ITHACA, New York -- Ecosystems are such intricate webs of connections that few studies have been able to explore exactly what happens when a species dies out.
Now, a Cornell study using computer simulations has teased out how the disappearance of a freshwater fish can affect the availability of certain nutrients that other species rely on.
Algae, at the base of the food chain, for example, rely on fish to cycle back into the water such nutrients as nitrogen and phosphorus, which are otherwise locked up in animal or plant cells. Fish excrete dissolved nutrients back into the water, making them available to algae, which need them to grow.
The study, published in the Feb. 27 issue of the Proceedings of the National Academy of Sciences, finds that overfishing could threaten the overall health of an ecosystem because it targets important fish species that play major roles in recycling nutrients. In fact, 20 percent of fish species accounted for more than half of all the recycled nutrients in the ecosystems studied, the computer simulations found.
"The loss of the most heavily fished species led to the fastest declines in nutrient recycling," said lead author Peter McIntyre, a postdoctoral researcher at Wright State University who was a graduate student in Cornell's Department of Ecology and Evolutionary Biology when he conducted the study. "Fishermen are targeting relatively large and abundant species that happen to play a major role in nutrient recycling."
The simulations, which relied on data from Rio Las Marias, a Venezeulan river, and Lake Tanganyika, a massive lake bordering Tanzania, Zaire, Zambia and Burundi, also shed light on the roles that surviving species might play in replacing the lost nutrients. In both ecosystems studied, when surviving species successfully picked up the slack in nutrient recycling left by an extinct species, nitrogen and phosphorus were maintained at 80 percent of their starting values until over half the total number of species were lost.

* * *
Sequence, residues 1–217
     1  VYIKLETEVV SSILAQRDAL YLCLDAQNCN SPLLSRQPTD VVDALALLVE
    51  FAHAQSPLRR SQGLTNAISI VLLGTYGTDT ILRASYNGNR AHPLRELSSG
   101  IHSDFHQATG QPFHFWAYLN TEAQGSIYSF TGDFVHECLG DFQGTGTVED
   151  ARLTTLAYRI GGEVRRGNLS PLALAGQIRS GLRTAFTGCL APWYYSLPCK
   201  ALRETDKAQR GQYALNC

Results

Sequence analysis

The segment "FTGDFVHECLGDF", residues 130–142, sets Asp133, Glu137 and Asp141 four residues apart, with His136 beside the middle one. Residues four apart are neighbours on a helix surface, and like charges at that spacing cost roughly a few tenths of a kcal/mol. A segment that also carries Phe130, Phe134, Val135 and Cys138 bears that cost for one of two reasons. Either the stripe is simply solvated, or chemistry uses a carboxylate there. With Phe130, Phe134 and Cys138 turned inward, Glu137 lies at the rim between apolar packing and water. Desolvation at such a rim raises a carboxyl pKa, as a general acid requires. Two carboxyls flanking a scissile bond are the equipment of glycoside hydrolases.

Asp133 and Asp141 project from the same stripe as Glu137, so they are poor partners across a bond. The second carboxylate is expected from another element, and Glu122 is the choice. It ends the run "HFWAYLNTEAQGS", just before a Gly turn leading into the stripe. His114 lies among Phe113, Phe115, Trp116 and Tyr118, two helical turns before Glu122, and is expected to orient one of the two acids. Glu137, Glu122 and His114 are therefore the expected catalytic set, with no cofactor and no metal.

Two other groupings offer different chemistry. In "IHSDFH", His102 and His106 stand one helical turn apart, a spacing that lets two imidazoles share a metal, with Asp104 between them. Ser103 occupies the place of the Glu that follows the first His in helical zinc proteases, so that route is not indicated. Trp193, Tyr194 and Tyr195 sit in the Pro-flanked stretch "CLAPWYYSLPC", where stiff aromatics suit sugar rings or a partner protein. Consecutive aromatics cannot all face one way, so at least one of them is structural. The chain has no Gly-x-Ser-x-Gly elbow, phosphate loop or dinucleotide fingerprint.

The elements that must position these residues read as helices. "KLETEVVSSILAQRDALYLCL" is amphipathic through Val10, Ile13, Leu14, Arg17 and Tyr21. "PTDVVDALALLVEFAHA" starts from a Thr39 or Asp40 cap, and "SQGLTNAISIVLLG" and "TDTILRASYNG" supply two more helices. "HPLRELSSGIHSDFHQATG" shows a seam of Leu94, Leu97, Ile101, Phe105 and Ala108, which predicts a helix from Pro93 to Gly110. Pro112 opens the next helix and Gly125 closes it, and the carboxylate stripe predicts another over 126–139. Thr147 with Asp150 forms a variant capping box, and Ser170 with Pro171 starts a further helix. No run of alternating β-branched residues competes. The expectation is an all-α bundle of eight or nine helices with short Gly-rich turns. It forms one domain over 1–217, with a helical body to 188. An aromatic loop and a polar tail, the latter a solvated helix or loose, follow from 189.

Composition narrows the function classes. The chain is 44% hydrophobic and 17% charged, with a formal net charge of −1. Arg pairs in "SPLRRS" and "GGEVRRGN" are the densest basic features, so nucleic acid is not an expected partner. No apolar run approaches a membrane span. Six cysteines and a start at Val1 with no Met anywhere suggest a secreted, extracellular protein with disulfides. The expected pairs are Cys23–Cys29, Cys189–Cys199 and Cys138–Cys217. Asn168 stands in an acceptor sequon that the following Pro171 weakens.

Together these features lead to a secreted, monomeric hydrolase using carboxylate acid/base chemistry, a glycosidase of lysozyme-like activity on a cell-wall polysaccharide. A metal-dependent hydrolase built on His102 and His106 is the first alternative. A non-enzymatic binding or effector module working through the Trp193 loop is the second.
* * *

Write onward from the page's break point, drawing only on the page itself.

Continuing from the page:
Studies of complex ecosystems, especially those involving large, highly mobile fish, are almost impossible to carry out in the wild, but new methods are helping researchers better understand these systems.
"Computer simulations provide a means to assess patterns of species loss in a system in which we just cannot do complex experiments," said co-author Alex Flecker, Cornell associate professor of ecology and evolutionary biology, who served as McIntyre's adviser. "But we have to be aware that there is a whole set of assumptions that goes into simulating species loss."
For example, it is unknown whether surviving species can truly compensate for extinctions. In a study of two species of fish in the Venezuelan river that eat mud from the river bottom, Flecker found that the rarer of the two species was unable to make up for the loss of the more common one. Thus, it appears that human overfishing of the common species, coporo (Prochilodus mariae), may have large effects on the ecosystem, in part because of its large contribution to nitrogen recycling.
The current study also revealed that species that heavily recycle nitrogen are not always the same ones that recycle the most phosphorus. These differences would make it difficult for conservationists to prioritize species to protect.
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